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Juicing delivers refreshing flavors

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Orange
Ginger Smoothie

3/4 cup of plain yogurt or buttermilk

1 cup freshly squeezed orange juice

1 frozen banana

3/4 cup milk (regular, almond or soy)

3 tb freshly grated ginger

1-2 tb of honey (depending on taste)

handful of ice cubes (3-4)

Add all of your ingredients into your blender and process on high until smooth. Pour into a large glass for one serving or smaller glasses for multiple servings.

Updated: February 16, 2014 6:19AM



Juicing.

Interpret the word one way and you’ve bound yourself to one of the most controversial activities in sports today. Interpret it another way and it means you’ve fallen for the biggest trend in dieting since the carb-free revolution.

Juicing sheds pounds. Juicing detoxes. What juicing really does, though, is make headlines.

Despite arguments from both sides on whether or not juicing is healthy, a diet based on a potpourri beverage of veggies and fruits is here. And while pureed wheatgrass, spinach and coconut water aren’t the likeliest pairings, juice and smoothie enthusiasts swear by their nutritional benefits and their ability to blend into more flavorful ingredients almost unnoticed. Gutsier mixologists whisk in protein powder, Chia seeds or flaxseeds for added benefits.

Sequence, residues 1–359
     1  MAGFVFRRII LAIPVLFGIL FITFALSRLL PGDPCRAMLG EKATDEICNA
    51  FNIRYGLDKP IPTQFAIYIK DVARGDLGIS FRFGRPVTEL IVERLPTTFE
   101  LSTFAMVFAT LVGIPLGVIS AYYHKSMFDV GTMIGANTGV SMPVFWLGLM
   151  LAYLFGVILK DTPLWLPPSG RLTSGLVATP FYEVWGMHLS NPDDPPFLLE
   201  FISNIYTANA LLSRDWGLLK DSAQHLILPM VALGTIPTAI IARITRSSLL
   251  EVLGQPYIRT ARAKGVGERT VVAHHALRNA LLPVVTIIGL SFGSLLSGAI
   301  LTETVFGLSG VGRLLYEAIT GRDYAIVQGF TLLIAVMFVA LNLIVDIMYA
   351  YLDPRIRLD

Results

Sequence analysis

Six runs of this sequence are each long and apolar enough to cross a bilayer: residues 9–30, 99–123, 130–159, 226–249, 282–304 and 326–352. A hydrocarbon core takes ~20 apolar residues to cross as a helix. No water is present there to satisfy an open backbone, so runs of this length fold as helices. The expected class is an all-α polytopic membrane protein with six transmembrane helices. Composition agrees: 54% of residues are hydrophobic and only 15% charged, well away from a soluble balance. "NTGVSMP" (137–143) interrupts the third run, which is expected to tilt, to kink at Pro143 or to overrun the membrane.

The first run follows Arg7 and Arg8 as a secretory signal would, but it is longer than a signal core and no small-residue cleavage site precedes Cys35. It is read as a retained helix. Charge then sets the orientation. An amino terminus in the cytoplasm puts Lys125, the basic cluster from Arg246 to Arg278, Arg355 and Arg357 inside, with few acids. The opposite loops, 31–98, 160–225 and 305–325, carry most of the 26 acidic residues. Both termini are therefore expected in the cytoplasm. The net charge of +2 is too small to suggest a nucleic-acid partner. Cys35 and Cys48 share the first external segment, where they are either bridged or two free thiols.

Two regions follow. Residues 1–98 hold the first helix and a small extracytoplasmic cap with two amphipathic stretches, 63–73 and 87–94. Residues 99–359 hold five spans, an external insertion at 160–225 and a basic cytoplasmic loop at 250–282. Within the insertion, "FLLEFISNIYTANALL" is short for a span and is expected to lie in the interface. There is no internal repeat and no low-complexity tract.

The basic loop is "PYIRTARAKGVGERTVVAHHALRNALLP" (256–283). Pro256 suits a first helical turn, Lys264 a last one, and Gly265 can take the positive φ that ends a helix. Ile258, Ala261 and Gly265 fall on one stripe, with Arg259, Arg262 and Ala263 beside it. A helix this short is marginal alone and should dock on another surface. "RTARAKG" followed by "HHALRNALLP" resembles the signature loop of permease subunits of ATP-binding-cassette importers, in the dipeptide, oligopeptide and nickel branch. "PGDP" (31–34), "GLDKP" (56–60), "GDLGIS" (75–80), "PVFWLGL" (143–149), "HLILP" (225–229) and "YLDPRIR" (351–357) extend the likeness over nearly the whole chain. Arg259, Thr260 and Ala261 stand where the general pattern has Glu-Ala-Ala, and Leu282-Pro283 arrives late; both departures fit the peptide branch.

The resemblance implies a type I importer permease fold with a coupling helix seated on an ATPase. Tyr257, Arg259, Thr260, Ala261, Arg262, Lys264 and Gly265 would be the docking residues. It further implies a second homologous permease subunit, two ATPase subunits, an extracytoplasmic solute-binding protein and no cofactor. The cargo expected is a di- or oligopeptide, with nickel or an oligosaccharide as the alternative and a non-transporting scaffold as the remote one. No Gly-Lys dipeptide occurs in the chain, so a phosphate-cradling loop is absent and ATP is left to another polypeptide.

It does all boil down to taste, though. If it wasn’t for the delicious mishmash of sweet flavors, the juice and smoothie trend would never have caught on. Beginner juicers may experiment with bolder ingredients later, but if you’re just tapping in to the smoothie trend, try sampling a hodgepodge of complementary flavors.

Orange and ginger is one combo that is newly praised for its rapport. Fresh but spicy, this flavor is wonderful in a cool smoothie. Grate in fresh ginger for an earthier taste or, if you have the ability, whip up a ginger syrup for a more polished beverage. Honey is the only sweetener, which just so happens to bring out the mild flavors of the fresh orange juice and banana. It’s refreshing, rejuvenating, and sweet enough to satisfy your craving for a treat.

Smoothie enthusiasts are all-versed in their knowledge of milk. In fact, even proponents of dairy milk often herald the use of soy or almond milk in smoothies for their creamier texture. Feel free to sub in a dairy-free alternate if you’re feeling experimental. Although this recipe also calls for yogurt or buttermilk, they are only only there to add a little tang. Replace them with extra soy or almond milk if you’re keeping dairy out of the recipe.



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